Interpretation of the images should be done according to the following criteria: The key for interpreting the visions is two-fold. First of all, attention should be paid to the VERY FIRST impressions that arise in the mind upon seeing each element of the vision. These should be given more weight than subsequent impressions. The other thing that should be done is that, while still in an unbroken meditative state of mind (obviously one must be rather practiced in meditation to scry), the run of the visions and impressions as a whole should be passively observed. Each has multiple meanings or shades of meaning. All the possible meanings of each should lightly be in the attention of the practitioner during this. The practitioner should wait for patterns to spontaneously form in his or her mind amongst these meanings, for a consistency amongst the different elements to suddenly start to stand out. Once the pattern has begun to form, the practitioner might start to use left-brain discriminating thought in drawing conclusions about meanings and interpretations, and start filling in the gaps of the pattern.

These occult techniques are readily described by scientific analysis, and the only difference lies in the interpretation of the origin of the images. That is to say, whether they are stimulations of the deep subconscious by distant or future events either by spirits or magic forces, or whether they are stimulations of the deep subconscious by distant, buried memories and understandings that combine to form images "loud" enough to attract conscious attention. A temporary "Sherlock Holmes" mode. The analysis says that this process is virtually identical to the process of divination, only the increased experience the practitioner has at the attainment of the unitary state and Fermi processing allow the starting point for subconscious association to be less rigidly presented. The mind of the practitioner is at this point sensitive enough to the subconscious that association can be started by phantom images coming from random fluctuating noise, a result of the unfocused manner in which the scrying tool is viewed. Not unlike how sometimes pictures will suddenly seem to jump out of the snow, the visual static, of an unoccupied television channel. Whether the scientific or occult interpretations are selected by the individual practitioner is a matter of personal preference and ultimate irrelevance, as it can be done from either or both points of view.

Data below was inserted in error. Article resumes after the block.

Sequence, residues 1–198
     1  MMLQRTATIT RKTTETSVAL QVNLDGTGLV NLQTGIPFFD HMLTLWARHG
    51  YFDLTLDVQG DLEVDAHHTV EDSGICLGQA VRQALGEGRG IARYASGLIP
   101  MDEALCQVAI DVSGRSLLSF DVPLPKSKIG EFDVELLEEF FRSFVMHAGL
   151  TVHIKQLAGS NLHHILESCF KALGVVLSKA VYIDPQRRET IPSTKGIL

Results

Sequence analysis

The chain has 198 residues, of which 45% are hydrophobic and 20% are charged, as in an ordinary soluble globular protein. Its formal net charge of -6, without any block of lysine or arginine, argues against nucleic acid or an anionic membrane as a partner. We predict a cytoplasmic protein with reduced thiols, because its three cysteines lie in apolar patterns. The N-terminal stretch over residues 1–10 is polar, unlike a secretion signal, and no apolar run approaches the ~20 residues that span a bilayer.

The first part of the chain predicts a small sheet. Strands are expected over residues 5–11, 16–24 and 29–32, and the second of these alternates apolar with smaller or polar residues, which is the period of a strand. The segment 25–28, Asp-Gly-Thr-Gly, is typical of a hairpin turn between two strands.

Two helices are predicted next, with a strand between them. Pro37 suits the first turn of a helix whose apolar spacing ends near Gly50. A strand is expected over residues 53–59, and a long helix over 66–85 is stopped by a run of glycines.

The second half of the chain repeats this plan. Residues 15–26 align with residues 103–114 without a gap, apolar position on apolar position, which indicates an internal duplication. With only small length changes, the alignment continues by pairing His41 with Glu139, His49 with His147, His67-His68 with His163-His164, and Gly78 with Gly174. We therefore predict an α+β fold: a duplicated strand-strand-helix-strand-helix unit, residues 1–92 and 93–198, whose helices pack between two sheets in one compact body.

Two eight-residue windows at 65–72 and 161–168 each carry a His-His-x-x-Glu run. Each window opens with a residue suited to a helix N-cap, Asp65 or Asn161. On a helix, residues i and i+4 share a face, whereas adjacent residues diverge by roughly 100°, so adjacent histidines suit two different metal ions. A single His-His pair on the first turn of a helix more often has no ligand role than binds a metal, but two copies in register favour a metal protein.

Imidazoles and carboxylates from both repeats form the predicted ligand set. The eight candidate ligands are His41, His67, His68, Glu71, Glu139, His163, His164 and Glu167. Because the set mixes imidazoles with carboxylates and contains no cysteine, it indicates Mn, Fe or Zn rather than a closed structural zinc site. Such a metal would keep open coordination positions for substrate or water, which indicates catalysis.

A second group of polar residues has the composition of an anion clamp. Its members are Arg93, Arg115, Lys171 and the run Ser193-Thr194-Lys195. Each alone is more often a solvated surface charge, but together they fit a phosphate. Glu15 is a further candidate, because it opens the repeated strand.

An older form of folk-witch scrying, which may be old enough to be a survival of heathen ritual, involves a bucket or pot of cold water. Into it should be poured melted solder. (In place of the more traditional but more dangerous lead.) It will instantly harden into strange shapes when it is flash-cooled by the water. These shapes must be interpreted in the way that the visions of the previous methods are, observing all the same rules. In some ways this method of scrying is easier then the other, but might also not tend to give as deep or powerful experiences.